Sir Keir Starmer raised the key question for voters: “Who do they think feels better off?”

With energy bills sky high, food and clothing costing more because of inflation, mortgages still high, record number of people relying on food banks the answer is not many people I know feel better off.

In 1992 John Major called a General Election after cutting national Insurance by 2p, and he went on to win. Prime Minister Rishi Sunak will be hoping this Budget shifts the opinion polls but it seems highly unlikely it will be by anywhere near enough to give him anything like the confidence of John Major.

The General Election still looks further off than May.  

Deputy first minister Shona Robison urged the chancellor to avoid tax cuts.Getty Images

Deputy first minister Shona Robison had urged Hunt to avoid tax cuts.

She described the Spring Budget as a “betrayal” of public services in Scotland.

She told STV News: “This is a budget that is not balanced, and like the Autumn Budget, it is at the expense of public services and particularly on our capital budget.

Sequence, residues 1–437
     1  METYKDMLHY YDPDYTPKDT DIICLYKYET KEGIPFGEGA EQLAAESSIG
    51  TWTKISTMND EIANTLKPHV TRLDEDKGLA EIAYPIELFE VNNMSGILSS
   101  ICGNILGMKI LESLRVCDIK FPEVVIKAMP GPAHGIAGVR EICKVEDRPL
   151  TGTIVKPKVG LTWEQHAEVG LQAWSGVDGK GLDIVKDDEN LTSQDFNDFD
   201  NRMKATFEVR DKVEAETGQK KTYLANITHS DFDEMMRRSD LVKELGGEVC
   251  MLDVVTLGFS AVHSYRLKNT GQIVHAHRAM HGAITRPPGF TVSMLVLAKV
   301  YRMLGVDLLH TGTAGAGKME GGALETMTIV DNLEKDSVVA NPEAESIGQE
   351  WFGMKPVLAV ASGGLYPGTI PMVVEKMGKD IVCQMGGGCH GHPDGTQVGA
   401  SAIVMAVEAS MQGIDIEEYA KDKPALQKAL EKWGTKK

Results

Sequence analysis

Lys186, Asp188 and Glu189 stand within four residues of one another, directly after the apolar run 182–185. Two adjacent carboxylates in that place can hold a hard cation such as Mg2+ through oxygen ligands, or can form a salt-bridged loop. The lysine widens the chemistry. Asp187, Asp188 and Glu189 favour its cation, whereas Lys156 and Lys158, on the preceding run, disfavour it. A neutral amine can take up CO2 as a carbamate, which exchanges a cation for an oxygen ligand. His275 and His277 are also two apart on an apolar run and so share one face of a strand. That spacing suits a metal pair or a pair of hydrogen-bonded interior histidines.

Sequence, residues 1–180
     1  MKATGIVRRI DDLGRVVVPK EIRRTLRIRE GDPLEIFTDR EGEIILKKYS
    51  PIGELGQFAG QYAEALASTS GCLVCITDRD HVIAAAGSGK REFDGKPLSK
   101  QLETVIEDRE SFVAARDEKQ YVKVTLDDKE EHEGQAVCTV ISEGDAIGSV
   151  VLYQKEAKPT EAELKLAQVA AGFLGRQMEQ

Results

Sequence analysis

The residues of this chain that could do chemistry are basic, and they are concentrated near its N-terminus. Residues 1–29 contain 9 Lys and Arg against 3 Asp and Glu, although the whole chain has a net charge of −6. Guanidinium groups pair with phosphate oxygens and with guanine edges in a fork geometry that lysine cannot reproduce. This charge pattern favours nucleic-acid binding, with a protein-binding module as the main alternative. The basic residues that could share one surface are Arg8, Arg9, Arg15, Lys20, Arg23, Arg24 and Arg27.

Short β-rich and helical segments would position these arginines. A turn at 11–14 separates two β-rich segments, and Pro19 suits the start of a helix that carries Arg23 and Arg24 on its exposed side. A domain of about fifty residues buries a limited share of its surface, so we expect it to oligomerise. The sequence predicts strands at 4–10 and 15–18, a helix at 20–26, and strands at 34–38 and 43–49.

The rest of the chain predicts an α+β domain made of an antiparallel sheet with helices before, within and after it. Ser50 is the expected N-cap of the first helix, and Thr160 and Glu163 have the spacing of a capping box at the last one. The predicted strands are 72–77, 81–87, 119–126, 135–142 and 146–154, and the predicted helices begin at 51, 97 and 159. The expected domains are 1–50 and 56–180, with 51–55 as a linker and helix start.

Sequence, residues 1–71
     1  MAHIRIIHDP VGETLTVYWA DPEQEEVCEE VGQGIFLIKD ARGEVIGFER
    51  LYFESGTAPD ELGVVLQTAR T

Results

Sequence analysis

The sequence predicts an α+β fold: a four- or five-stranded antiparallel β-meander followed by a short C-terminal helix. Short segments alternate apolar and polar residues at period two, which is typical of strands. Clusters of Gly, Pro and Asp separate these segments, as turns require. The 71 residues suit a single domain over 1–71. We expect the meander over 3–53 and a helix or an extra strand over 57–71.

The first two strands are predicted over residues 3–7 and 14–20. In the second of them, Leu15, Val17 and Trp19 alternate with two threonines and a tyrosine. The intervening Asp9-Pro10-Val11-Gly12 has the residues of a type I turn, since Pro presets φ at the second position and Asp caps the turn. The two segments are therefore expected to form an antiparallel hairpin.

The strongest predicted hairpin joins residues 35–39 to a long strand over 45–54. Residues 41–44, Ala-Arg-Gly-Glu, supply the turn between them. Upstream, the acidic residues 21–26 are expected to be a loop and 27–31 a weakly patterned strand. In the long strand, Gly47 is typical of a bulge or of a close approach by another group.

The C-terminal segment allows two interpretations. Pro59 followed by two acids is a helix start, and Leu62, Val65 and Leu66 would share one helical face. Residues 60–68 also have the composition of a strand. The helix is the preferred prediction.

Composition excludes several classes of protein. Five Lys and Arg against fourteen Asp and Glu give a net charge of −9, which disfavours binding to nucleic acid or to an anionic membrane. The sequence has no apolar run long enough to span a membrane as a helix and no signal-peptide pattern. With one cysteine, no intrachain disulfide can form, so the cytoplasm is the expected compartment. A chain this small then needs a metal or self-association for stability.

“There is not a penny of extra money for capital in Scotland, that’s no extra money for affordable housing or health facilities.

“It is not good for Scotland and I think the judgement of the people of Scotland will be that it is a bad deal for Scotland.”

During the Scottish Government’s budget in December, housing was cut by around £200m. That’s despite several councils declaring a housing emergency.

Robison – who is also the finance secretary – said she was forced to make the cut because the Scottish Government has seen a decrease in its capital budget from Westminster.

She said of the nearly £300m in Barnett consequentials coming to Scotland, around £237m will go to health. Robison had already committed £62.7m in Barnett funds from the UK Government going to councils.

Keir Starmer branded the chancellor’s budget “the last desperate act of a party that has failed”.